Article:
What reforms does the Association Agreement facilitate in Ukraine in the maritime and fisheries policies?
There are a lot of reforms connected with fisheries and maritime sector in general. We have finalised a procedure with Ukraine about combating illegal fisheries. In order to have a compatible system that will facilitate our imports and exports of fisheries products, we need to have a common or at least compatible system of certification of catches of fisheries products. This system is on the agenda of the [Association Agreement] reforms.
Energy is another issue: we have ideas how we can work together to protect environment, for example, with regard to seabed drilling exercises.
Ukraine has a political orientation to this Agreement. Now we need the administration capacity to achieve results and implement all the ideas. Good willing is not enough; we also need results.
Last year the European Commission proposed a new Common Fisheries Policy, which was recently backed by the European Parliament. What do you want to achieve with this new approach?
This is a radical change, which took us many years. First, it concerns sustainability of the fish stocks. Indeed, on the one hand, we have to take as much fish as we can from the seas, as this gives prosperity to our fishermen and to our economies. On the other hand, we have to balance how much we can take from the sea in order to leave enough in the sea to be reproduced. It’s like having a capital in the bank: you have to remove some money from the bank, but you have to also invest some money into the bank in order to have a life.
Now the danger we face is the possible depletion of the stocks, which can lead to a situation when our children will have no fish to eat. We need scientific advice [on how] our fish can reproduce for years and years. And in order to achieve this goal, we have to abandon a practice of discarding fish and throwing it back to the seas. This practice was our fault, as the fishermen had to obey our rules and quotas [defining the quantity of fish a fisherman can land] and had to throw fish back to the sea. So we have to change the system, to stop discarding fish, to have everything landed, as fish is very important and precious food, and we cannot afford throwing it away.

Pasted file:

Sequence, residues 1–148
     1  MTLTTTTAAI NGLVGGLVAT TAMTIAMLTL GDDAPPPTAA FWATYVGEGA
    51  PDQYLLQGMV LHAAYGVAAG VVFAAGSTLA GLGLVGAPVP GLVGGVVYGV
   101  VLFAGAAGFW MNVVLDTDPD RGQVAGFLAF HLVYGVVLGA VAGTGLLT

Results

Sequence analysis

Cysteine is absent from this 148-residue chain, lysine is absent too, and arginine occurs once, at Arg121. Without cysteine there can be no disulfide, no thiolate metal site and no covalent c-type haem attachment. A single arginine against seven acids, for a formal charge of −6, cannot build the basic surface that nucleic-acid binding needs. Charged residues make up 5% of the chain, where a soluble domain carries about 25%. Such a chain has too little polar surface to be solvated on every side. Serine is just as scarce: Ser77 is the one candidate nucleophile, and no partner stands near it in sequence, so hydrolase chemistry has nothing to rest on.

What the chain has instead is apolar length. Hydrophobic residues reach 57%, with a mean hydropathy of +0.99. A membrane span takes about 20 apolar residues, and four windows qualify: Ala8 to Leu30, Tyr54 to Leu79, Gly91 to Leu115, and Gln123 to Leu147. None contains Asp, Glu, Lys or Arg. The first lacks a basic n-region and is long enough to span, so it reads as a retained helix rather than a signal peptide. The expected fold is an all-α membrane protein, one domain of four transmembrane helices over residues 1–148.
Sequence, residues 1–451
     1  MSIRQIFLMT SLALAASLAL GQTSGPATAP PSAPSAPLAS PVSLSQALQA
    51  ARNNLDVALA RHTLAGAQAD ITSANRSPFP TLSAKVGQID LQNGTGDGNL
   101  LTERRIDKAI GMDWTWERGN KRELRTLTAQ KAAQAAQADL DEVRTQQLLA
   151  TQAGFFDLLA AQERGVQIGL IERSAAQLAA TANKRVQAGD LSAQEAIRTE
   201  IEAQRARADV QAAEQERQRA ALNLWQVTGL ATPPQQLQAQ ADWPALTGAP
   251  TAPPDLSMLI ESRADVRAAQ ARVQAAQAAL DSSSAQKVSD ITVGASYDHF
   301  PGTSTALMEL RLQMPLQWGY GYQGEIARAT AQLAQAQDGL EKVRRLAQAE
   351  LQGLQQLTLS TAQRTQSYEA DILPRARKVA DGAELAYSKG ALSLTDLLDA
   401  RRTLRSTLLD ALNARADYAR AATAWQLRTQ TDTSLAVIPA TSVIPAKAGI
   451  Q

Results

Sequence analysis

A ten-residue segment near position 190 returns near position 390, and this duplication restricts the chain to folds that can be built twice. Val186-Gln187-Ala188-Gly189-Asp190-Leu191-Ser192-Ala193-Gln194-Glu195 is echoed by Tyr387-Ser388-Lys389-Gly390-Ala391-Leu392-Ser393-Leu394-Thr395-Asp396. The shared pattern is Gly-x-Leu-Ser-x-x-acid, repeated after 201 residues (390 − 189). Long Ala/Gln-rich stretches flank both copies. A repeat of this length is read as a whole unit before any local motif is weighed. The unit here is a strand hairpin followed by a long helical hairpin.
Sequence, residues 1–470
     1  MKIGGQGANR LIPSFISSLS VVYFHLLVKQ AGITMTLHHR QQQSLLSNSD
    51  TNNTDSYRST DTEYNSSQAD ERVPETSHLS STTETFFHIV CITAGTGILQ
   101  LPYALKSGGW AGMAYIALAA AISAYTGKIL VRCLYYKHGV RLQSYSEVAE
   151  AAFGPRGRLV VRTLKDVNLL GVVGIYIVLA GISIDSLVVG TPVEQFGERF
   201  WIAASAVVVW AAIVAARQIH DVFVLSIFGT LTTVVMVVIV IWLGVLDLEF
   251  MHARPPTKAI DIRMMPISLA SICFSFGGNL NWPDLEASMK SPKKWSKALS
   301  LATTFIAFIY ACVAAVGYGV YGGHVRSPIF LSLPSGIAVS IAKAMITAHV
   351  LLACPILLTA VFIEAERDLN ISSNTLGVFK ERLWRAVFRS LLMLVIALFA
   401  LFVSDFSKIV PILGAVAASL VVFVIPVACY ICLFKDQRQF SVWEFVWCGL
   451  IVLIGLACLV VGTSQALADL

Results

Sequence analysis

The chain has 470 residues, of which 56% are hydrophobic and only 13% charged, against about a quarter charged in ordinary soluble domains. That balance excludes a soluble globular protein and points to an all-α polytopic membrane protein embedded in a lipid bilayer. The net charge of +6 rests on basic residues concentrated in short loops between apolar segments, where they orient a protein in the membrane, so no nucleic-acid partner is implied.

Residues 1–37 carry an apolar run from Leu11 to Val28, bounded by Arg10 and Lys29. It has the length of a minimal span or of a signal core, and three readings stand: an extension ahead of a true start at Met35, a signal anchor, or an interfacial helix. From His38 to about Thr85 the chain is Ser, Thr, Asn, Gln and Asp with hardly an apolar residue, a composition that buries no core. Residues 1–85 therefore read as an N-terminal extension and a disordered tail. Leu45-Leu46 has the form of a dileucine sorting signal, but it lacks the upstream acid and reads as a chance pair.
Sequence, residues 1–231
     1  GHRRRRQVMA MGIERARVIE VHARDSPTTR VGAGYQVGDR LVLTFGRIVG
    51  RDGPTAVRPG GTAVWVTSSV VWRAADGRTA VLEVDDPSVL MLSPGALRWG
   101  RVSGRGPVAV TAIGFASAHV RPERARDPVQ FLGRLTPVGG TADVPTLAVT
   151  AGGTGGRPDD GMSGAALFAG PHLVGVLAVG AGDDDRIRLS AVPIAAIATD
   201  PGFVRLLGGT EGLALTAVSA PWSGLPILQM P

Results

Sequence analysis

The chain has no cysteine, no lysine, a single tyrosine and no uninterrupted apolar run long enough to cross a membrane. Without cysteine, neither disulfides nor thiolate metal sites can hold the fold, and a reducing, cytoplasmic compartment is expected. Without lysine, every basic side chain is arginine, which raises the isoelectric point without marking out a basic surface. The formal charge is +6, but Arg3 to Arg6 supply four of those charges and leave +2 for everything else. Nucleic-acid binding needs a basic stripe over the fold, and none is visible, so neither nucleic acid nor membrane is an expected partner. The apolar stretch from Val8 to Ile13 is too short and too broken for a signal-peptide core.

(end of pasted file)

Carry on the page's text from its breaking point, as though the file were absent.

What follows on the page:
The 2nd pillar of the new policy is about the economic profitability of our fleet. We have to subsidise fleet, but in a smart way, giving money for better gears, for example to have cameras on board or better equipment to get in touch with the coast, etc.
The 3rd pillar is regionalisation: we want to create sea basin structures, [including] for the Black Sea, where countries around the sea sit together and agree on common policies. If they do agree, the European Commission will facilitate their common approach. This will be a great change because for the moment everything is decided in Brussels, which is not very productive.
We are also changing our policy of labelling fish products: it will be easier for consumers to know where the fish was caught, whether it is fresh or frozen, etc.
Besides, we are going to boost our aquaculture [i.e. the farming of aquatic organisms]. As we don’t have enough fish in the seas, aquaculture is a real alternative for overfishing. This gives also an opportunity for land-locked countries, as this approach is applicable not only for seawater, but also for fresh water.